272 Mass. 229

May 15, 1930 - July 2, 1930

Suffolk County

Present: Rugg, C.J., Crosby, Pierce, Carroll, & Sanderson, JJ.

Workmen's Compensation Act, To whom act applies, Appeal.

At a hearing by the Industrial Accident Board of a claim for compensation under the workmen's compensation act, the claimant testified that he was employed by the subscriber as a salesman in a certain territory; that he received a salary and commissions, that he was required to have and to use an automobile; and that he owned the automobile which he used. Such testimony was uncontradicted. There was no other evidence concerning the terms of the employment, and no evidence that the claimant, while driving the automobile in the course of the subscriber's business, did not have unrestricted control of the manner of its operation. It appeared that the claimant, while on his way to attend a sales meeting by order of the subscriber, was injured in a collision between his automobile and another motor vehicle. Upon appeal to this court from a decree entered in the Superior Court in accordance with a decision of the board awarding compensation, it was held, that

(1) Upon the record, the question, whether the claimant was an employee within the meaning of the workmen's compensation act at the time of the accident, was one of law;

(2) The claimant's testimony showed that he was an independent contractor and not an employee of the subscriber respecting the operation of the automobile;

(3) The claimant therefore was not entitled to compensation for injuries received as a consequence of its operation;

(4) The decree was reversed and a decree entered for the insurer.

CERTIFICATION to the Superior Court, under the provisions of the workmen's compensation act, of a decision by the Industrial Accidant Board awarding compensation to William Schofield.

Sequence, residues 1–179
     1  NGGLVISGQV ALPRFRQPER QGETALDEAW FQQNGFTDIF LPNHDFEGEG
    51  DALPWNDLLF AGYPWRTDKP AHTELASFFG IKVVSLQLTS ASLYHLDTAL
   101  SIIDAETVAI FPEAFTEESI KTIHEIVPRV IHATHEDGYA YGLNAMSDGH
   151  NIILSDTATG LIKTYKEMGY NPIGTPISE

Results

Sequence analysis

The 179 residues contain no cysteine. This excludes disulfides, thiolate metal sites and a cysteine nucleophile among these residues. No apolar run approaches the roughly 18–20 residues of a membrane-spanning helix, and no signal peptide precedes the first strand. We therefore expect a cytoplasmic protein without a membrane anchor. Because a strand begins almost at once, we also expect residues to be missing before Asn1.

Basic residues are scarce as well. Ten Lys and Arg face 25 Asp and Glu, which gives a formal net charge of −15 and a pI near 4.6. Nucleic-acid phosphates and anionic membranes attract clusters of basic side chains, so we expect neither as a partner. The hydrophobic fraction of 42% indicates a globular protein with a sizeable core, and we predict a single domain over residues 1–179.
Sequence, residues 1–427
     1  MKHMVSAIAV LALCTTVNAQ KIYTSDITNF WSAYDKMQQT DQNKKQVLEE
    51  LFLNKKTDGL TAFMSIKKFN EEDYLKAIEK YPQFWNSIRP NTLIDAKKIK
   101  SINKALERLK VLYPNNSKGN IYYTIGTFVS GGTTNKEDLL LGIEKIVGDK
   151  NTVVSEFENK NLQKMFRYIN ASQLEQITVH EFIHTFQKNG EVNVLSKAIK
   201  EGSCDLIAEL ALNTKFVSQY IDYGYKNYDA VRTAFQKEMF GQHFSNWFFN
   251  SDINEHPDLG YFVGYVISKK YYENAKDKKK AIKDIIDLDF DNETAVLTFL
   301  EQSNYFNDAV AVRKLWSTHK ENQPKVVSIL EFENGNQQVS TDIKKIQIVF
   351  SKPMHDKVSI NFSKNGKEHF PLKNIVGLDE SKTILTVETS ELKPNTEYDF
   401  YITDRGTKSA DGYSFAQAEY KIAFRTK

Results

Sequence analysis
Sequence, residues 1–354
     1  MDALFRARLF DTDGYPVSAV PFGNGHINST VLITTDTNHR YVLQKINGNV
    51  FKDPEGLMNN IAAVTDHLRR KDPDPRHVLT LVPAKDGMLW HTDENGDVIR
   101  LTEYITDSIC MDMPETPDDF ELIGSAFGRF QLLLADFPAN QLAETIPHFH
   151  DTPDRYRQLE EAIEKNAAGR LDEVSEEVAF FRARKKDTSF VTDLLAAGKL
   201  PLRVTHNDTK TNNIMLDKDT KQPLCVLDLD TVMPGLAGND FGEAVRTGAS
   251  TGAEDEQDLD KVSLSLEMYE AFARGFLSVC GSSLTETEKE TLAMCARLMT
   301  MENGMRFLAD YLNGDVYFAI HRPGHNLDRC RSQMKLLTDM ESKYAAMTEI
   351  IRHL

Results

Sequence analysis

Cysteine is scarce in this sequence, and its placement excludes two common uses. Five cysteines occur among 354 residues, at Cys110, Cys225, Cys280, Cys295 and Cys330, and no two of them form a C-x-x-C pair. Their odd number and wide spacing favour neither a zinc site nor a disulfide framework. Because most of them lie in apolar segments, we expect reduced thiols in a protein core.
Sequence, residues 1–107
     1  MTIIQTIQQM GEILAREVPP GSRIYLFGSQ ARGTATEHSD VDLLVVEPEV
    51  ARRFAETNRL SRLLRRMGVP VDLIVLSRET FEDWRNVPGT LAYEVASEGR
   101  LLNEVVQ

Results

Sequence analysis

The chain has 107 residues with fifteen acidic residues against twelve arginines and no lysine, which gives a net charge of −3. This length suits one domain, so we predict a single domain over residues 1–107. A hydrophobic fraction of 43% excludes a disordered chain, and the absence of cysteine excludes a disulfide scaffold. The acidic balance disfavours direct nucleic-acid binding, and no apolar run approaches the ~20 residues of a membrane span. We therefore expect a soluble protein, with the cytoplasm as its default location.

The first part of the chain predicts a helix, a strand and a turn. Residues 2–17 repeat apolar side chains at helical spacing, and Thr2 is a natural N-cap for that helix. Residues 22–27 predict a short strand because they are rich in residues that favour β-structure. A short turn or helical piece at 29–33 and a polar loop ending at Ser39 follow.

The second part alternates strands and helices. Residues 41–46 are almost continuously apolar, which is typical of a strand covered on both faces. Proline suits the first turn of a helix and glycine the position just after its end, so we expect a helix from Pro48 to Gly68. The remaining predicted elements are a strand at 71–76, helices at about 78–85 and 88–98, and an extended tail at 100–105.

In the Superior Court, a decree was entered by order of Cox, J., in accordance with the board's decision. The insurer appealed. The claimant testified at the hearing before the single member of the board that he owned the automobile. Other material evidence is stated in the opinion.

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H. B. White, for the insurer.

S. B. Horovitz, for the claimant.

PIERCE, J. When injured the claimant was employed by Wilson & Company, and had been employed by them for about four or five months as a salesman in the business of selling machinery to the oil industry filling stations, in territory covered by Connecticut, western Massachusetts and New York State. By the terms of his employment he was required to have and to use an automobile in the business which he was to do and was to receive a salary and commission.

On September 28, 1928, in New Haven, Connecticut, at about five o'clock in the afternoon, he met his wife at the railroad station and in her company drove his car toward Boston in anticipation of attending there a sales meeting of his employer at 9:30 p.m., which he had been ordered to attend. In Massachusetts, while driving "on Framingham- Milford Road, Washington Street, Holliston," his car collided with a truck; as a result his arm was broken and he otherwise received bruises, cuts and lacerations. The State roadway at the place of the collision was wide with room for three cars to pass abreast. The truck, without rear lights, was stalled on the extreme right edge and probably off the road. The claimant's car was lighted, and when he first noticed the truck he was "probably twenty feet" away and going "between forty and forty-five miles an hour. He tried to stop his car," was not able to do so, and "struck the rear-end of the truck."